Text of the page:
As the women’s team was called to the stage as the headliners of the 2015 bonfire, a collective shriek went up and fans rushed towards the stage. Lady Eaglemania was on full display. Ruel Valdez, the phenom’s father, struggled to fight back the tears as he received a friendly ribbing from Joe De Jesus, father of Ella, the volleybelles’ graduating open spiker. “Grabe, no? Galeng,” said Mr. De Jesus. The elder Valdez wiped his eyes.
Elmer De Leon is from La Salle. As is his wife, Det, and their son. His daughter, Bea, was earmarked for the Lady Spikers to replace their sainted captain Aby Maraño in the middle. Several years ago, through Poveda coaches Rubie De Leon and Angeli Tabaquero, former Ateneo coach Roger Gorayeb received a tip about Bea. Entreaties were made about her moving to Loyola Heights. Yet, she practiced with the Lady Spikers. As fate would have it, she eventually practiced some with the Lady Eagles. One time, while waiting outside Blue Eagle Gym for her ride home, Alyssa Valdez and Denden Lazaro kept her company. Bea thought it a nice gesture. Her mother relates that it was a turning point – the good vibes she felt with the team – aside from the convenience (she lives in Loyola Grand Villas) and her passing the Ateneo College Entrance Test (her father said if she passed then she would go to Ateneo if not elsewhere).
“No regrets,” Bea’s mother admitted. “We love how we have been embraced in the community. It is better than anything we expected.”
The De Leons aren’t the only family with a green pedigree to have an offspring in blue. The baseball playing Laurels were in attendance. Several years ago, Matt Laurel finally moved to Ateneo after a failed recruiting pitch following graduation from La Salle Greenhills. Matt briefly went to UP before transferring to the east end of Katipunan. When Matt helped the Ateneo Baseball Team win its first UAAP title in 2013, his father, sportsman Arsenic Laurel, wrote Ateneo officials thanking them for helping mold his son not only into a sports champion but also in his academics of which he has done quite well.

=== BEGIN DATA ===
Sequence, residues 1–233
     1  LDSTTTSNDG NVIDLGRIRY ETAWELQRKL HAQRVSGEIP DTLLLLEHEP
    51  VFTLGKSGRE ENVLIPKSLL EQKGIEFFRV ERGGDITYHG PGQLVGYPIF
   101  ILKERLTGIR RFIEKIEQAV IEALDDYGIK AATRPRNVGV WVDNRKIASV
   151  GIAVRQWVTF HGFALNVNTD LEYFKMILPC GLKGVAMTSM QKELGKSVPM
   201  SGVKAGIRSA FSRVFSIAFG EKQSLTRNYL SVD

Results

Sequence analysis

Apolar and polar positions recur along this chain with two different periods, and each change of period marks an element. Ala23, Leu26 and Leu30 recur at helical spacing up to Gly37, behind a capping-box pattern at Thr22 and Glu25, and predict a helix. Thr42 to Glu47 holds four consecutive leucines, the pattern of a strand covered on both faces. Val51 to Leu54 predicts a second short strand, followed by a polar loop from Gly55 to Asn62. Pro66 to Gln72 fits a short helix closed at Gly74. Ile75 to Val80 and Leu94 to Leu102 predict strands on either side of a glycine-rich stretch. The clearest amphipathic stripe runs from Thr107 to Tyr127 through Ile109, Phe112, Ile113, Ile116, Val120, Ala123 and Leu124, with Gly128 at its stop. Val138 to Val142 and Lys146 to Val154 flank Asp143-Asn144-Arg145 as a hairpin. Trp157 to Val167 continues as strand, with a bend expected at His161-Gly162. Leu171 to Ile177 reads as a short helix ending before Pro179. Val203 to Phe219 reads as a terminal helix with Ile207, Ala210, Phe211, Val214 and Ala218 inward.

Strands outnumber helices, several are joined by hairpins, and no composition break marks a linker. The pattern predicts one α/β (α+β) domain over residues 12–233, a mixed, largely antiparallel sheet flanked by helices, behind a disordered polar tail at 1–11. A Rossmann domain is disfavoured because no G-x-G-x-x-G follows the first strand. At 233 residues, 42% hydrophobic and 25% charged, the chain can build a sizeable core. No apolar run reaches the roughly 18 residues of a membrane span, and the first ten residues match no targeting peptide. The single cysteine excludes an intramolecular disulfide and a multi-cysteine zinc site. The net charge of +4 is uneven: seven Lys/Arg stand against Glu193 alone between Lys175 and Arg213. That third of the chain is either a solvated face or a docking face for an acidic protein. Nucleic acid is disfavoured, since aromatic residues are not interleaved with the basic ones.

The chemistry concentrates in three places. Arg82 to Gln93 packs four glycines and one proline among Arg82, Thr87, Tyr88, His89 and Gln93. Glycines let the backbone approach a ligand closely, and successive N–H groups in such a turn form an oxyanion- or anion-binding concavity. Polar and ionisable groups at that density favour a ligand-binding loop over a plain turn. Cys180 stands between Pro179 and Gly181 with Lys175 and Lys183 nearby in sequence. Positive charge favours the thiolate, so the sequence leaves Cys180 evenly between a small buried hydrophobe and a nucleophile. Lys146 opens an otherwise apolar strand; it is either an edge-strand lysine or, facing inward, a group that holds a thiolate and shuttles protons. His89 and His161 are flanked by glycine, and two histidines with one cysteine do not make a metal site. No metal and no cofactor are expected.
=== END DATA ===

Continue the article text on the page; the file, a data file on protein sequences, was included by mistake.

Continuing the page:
In the days leading up to the bonfire, Matt who is also due to collect his diploma when he marches next week, promised, “I have to get my parents to attend. They have never been to one.”
Last Saturday night, the family was in attendance, and they all wore blue. “Thank you,” the elder Laurel beamed to everyone who shook his hand and wished him and his family well. “Thank you. This means a lot to me and my family.”
Last year, there were non-Atenean fans who were able to attend the bonfire. This year, some fan groups, like the larger and well-organized ALYfinity group, were given permission to attend; hence, the bigger turnout.
The young girl called out. Her voice was still drowned out. Noticing her plight, Joe De Jesus and myself called out to Ruel Valdez who was seated in front of the young girl, to help her get through the security line and for a photo op. The frown and tears quickly disappeared as she now patiently waited for her turn. And when Alyssa stood beside her for their own selfie, the young girl radiated with megawatt happiness. She smiled the smile of contentment and the opportunity to be next to her sporting idol. She waved to her mother and exulted, “I finally met her.”
The whole scene unfolded right in front of Cojuangco, some team sponsors, a few parents and school officials. “Incredible,” said a nonplussed Conjuangco who groped for the right words. “Incredible,” was the only thing he could say.
But Ruel Valdez did him one better as he referred to the young everyone helped to an all important and cherished selfie, “She is now ‘happy happy.”
|After several minutes, we call on Ruel Valdez who assists the young less in getting inside the cordon. She is now smiling.|
|The gleeful anticipation of meeting her sporting idol.|
|Patiently waiting for her turn as Alyssa is now next to her. I wasn't able to capture the final photo for their selfie as I was distracted from behind.|